The Crematorium at Woking, Surrey
Although cremation was not illegal in England, and the first working crematorium was built in Woking, Surrey in 1879, it was not widely practised in the nineteenth century.  In 1902, Parliament passed the Cremation Act which formalized the use of the practice and by 1968 more than half of all the dead in Britain were cremated.  Today, that figure stands at around 70 per cent.

For  details as to the interment of the dead prior to the establishment of the great municipal cemeteries, download the Report on the sanitary conditions of the labouring population of Great Britain. A supplementary report on the results of a special inquiry into the practice of interment in towns. Made at the request of Her Majesty's principal secretary of state for the Home department -by clicking here.

2 comments:

Mimi Foxmorton said...

Really enjoyed this.

I am in the process of designing an autumn ghost/folklore tour in our local ancient cemetery and I find this all fascinating.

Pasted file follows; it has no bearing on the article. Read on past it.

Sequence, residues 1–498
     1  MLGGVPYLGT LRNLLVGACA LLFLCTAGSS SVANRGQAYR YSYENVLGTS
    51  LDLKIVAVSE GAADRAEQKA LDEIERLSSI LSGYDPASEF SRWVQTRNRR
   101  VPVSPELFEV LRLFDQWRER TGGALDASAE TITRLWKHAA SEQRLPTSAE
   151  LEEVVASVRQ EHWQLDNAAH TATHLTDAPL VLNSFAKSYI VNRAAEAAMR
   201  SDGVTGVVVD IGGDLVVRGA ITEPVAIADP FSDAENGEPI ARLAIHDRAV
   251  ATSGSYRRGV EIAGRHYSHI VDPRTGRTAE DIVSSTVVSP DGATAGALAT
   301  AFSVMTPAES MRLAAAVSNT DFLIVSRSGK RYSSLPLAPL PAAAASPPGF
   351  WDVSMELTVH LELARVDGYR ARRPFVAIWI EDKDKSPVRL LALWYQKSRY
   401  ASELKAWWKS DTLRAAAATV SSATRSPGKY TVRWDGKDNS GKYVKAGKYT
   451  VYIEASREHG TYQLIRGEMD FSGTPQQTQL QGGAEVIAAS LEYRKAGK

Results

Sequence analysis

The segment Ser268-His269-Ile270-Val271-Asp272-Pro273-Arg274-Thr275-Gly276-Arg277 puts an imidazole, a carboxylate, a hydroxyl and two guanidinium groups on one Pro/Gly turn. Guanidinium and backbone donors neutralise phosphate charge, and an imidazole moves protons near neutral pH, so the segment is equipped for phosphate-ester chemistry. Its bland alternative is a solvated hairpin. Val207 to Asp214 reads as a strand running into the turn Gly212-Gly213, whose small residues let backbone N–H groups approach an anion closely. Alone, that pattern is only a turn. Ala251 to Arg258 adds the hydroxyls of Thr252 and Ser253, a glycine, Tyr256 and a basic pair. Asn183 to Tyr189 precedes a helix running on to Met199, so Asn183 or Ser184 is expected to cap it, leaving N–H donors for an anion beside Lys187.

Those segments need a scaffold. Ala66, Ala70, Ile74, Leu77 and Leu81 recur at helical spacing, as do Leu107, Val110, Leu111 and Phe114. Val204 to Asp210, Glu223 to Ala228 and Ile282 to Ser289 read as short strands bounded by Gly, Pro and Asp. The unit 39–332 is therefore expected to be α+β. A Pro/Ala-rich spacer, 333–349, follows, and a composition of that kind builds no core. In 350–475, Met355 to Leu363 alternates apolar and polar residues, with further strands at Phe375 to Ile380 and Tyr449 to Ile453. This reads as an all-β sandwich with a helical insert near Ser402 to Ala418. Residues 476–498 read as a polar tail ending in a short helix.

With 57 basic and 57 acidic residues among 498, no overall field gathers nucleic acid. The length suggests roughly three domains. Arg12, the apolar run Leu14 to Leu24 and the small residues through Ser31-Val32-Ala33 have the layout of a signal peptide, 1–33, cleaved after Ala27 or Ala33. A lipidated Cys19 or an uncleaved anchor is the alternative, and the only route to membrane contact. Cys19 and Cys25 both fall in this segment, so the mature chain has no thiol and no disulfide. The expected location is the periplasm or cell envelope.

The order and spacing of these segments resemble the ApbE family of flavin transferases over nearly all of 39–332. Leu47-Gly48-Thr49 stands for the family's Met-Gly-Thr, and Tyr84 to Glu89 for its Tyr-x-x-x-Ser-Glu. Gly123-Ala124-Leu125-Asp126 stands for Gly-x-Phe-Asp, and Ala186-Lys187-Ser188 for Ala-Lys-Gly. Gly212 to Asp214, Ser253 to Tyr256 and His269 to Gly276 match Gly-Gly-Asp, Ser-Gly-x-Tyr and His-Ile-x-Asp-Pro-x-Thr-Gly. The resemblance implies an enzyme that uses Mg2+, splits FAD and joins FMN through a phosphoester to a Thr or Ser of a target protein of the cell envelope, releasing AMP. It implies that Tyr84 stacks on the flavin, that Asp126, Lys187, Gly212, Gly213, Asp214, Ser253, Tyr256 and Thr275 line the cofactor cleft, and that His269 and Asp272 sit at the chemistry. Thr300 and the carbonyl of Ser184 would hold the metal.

Thanks for sharing!

Have a lovely day!

~Mimi
Collage Pirate

Hels said...

I loved this post (and the last one on mourning). "Landscaped and with mausoleums and catacombs, buildings designed in the classical style, it became the final resting place of choice for many of the most prominent men and women of the age" (1833 on). That is absolutely true - I have spent time wandering around, reading the historical tombstones and saluting the residents.

But the new sites were privately owned and presumably expensive in the upkeep. So I wonder where the Great Unwashed kept on burying their dead. Were the sanitation problems solved across the entire city or just in the magnificent seven sites?